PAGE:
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United States of America v. Gerald Barber
Southern District of Alabama Federal Courthouse - Mobile, Alabama
Case Number: 2:17-cr-00189
Judge: Kristi K. DuBose
Court: United States District Court for the Southern District of Alabama (Dallas County)
Plaintiff's Attorney: Sinan Kalayoglu and George F. May
Defendant's Attorney: Peter J. Madden - FPD
Description: Selma, AL - Marengo County Resident Convicted at Selma Trial in Crack Cocaine Case
A federal jury in Selma, Alabama found Gerald Barber, 40, a resident of Marengo County, Alabama, guilty of two counts of possession with intent to distribute crack cocaine. Chief United States District Judge Kristi K. DuBose presided over the trial, which started on January 23, 2018 and ended the following day. The judge scheduled Barber’s sentencing for April 12, 2018. Barber, aka “G-Money,” faces a mandatory minimum sentence of ten years in prison and a maximum sentence of life imprisonment. He has five prior felony drug convictions.
On August 31, 2017, a federal grand jury for the Southern District of Alabama indicted Barber on one count of possession with intent to distribute crack cocaine. On November 28, 2017, a federal grand jury for the district returned a superseding indictment against Barber, charging him with two counts of possession with intent to distribute crack cocaine.
At trial, the jury heard evidence that in the early morning of March 11, 2017, Barber was driving a white 2002 Chevrolet Blazer in Camden, Alabama when Camden Police Officer John Ferguson pulled the vehicle over for speeding and having no tag light. Barber had no identification, proof of insurance, license, or registration. He lied to the officer about his identity. Officer Ferguson noticed that Barber was visibly nervous and saw traces of a green leafy substance in the vehicle. Officer Ferguson called for backup, patted down Barber outside the Chevrolet Blazer for officer safety and possible narcotics, and found an “eight-ball” of crack cocaine concealed underneath Barber’s shorts. Officer Ferguson arrested Barber and transported him to the Prince Arnold Detention Center in Wilcox County. At the jail, the defendant falsely identified himself and signed a waiver of counsel form in his brother’s name.
The jury also heard evidence that in the afternoon of April 12, 2017, Uniontown Chief of Police Willie Walton was on routine patrol in Uniontown, Alabama when he saw an individual standing by the driver’s side window of a white Chevrolet Blazer on Johnson Street. Chief Walton testified that he recognized the individual as a crack cocaine addict and was suspicious of a drug sale between the individual and the vehicle’s driver. Barber was driving the same Chevrolet Blazer. A passenger was also inside. As Chief Walton approached, the individual ran away and the Chevrolet Blazer sped off. Chief Walton activated his lights and sirens and tried to stop the vehicle, which had an expired tag.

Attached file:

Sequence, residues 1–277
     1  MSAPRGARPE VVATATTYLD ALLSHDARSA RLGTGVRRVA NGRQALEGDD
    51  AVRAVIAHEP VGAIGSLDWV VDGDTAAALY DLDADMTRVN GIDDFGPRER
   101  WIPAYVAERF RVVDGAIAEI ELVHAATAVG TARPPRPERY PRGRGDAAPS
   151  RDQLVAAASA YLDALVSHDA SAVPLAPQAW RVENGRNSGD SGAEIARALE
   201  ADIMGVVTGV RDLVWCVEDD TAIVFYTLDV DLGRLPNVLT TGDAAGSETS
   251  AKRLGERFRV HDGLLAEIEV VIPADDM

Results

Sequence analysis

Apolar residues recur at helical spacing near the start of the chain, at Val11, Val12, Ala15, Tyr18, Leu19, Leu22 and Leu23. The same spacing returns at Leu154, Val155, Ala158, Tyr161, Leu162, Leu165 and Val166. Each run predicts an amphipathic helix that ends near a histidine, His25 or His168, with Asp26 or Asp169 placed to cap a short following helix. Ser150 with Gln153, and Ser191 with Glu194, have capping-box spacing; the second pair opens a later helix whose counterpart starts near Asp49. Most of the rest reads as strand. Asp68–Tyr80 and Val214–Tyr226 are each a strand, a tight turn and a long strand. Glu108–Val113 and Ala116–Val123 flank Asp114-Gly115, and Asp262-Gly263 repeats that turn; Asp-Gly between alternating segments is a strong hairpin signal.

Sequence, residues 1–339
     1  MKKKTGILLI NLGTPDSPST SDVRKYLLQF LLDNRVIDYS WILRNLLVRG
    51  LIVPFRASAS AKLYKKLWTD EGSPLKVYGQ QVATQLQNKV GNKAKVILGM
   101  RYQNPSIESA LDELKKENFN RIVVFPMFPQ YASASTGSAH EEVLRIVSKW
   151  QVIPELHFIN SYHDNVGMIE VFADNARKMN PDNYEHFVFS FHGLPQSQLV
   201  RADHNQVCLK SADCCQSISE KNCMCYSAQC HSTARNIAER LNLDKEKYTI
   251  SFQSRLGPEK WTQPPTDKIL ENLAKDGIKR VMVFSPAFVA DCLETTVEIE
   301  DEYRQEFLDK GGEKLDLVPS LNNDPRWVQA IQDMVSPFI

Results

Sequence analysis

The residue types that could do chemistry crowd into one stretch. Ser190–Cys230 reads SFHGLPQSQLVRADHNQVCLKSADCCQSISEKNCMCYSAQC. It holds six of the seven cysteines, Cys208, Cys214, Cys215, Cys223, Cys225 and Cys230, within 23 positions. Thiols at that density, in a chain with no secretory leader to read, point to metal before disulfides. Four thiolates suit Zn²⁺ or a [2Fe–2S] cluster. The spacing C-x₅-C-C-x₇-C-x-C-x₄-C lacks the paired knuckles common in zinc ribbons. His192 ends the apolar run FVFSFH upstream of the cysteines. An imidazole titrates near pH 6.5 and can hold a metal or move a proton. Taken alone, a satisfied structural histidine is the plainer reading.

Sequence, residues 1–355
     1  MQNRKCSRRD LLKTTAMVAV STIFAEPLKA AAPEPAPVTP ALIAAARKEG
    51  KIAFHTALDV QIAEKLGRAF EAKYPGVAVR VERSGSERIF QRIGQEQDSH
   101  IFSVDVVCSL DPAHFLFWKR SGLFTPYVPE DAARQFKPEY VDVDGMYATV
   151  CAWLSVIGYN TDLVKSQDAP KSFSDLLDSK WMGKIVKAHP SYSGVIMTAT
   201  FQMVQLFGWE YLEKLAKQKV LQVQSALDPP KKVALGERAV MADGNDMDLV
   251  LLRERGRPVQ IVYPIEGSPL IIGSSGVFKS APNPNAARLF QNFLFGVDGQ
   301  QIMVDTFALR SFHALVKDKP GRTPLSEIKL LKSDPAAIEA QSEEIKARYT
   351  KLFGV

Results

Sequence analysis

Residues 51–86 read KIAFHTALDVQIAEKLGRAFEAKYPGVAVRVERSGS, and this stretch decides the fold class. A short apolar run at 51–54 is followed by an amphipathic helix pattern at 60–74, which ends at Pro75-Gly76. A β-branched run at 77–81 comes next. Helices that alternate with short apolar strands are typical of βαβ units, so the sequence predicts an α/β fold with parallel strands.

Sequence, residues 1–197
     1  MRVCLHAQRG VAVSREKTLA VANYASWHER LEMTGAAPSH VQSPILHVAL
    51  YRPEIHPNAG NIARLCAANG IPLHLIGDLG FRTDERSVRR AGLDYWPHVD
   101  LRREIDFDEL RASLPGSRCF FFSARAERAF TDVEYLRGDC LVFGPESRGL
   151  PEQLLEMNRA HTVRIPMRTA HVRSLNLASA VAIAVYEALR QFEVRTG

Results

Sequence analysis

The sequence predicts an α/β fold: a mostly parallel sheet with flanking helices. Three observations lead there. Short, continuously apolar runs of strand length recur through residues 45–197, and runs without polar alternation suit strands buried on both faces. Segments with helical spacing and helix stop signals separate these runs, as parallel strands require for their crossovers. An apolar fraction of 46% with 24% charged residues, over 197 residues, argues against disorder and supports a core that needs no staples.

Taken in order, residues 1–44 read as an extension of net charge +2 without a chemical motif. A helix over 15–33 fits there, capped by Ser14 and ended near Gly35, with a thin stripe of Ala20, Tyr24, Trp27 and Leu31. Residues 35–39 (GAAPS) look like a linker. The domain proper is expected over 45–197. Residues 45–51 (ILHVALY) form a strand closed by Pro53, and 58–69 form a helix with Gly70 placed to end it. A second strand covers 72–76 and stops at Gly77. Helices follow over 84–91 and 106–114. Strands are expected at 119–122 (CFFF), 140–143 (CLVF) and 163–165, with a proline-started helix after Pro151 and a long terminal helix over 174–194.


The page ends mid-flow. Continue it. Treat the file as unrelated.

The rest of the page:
A high-speed chase ensued, which at times reached 70 - 80 miles per hour. During the chase, Chief Walton saw an unidentified object (never recovered) thrown out the vehicle’s driver’s side window on Washington Street. Barber tried to evade Chief Walton by racing up Martin Luther King Drive in a residential area where children were playing. As Chief Walton pursued, Barber made a left turn onto Lucian Street and threw approximately $8,000 worth of crack cocaine out the driver’s side window. The narcotics landed on the front lawn of a home on Lucian Street. Chief Walton continued to pursue the fleeing vehicle and radioed dispatch. Uniontown Police Department Sergeant Nash Gipson responded and set up a roadblock. Barber almost collided with Sgt. Gipson. The chase ended shortly thereafter on Franklin Street.
Chief Walton and Sgt. Gipson arrested Barber outside his vehicle. Chief Walton testified that he saw a “crack rock” in the driver’s seat where Barber had been sitting and that Barber shouted an expletive upon his arrest, yelling, “I’ve got more money than all y’all m*****f****** out there!” Chief Walton also told the jury that Barber appeared high, his mouth was foaming, and pieces of crack cocaine appeared to be in his mouth.
The passenger, whom the police had detained for officer safety, said that Barber threw a black bag out of the vehicle during the chase. With the passenger’s help, police found the bag at Lucian Street. Chief Walton examined it and found sixteen plastic baggies containing roughly 80.8 grams of crack cocaine in varying quantities. When Chief Walton later searched Barber’s Chevrolet Blazer, he found two digital scales, two Pyrex measuring glasses, one Toastmaster hand mixer, and two mixer attachments, all containing cocaine residue.
After the jury’s verdict, United States Attorney Richard W. Moore said, “We will continue to aggressively prosecute drug dealers who threaten the safety of our citizens in this district. The illegal drug trade in the northern part of our district is an affront to the residents of the communities where defendant Gerald Barber plied his trade. The actions taken by our law enforcement partners in this case demonstrate the professionalism and vigor with which we intend to address drug trafficking in our district. Our prosecutors, Sinan Kalayoglu and George F. May, were pleased to assist our law enforcement partners in this prosecution and particularly to have had the opportunity to present our case to a local jury in the historic Selma courthouse. We are very proud of their representation of the United States in this case.”
The Drug Enforcement Administration, the Uniontown Police Department, and the Camden Police Department investigated the case.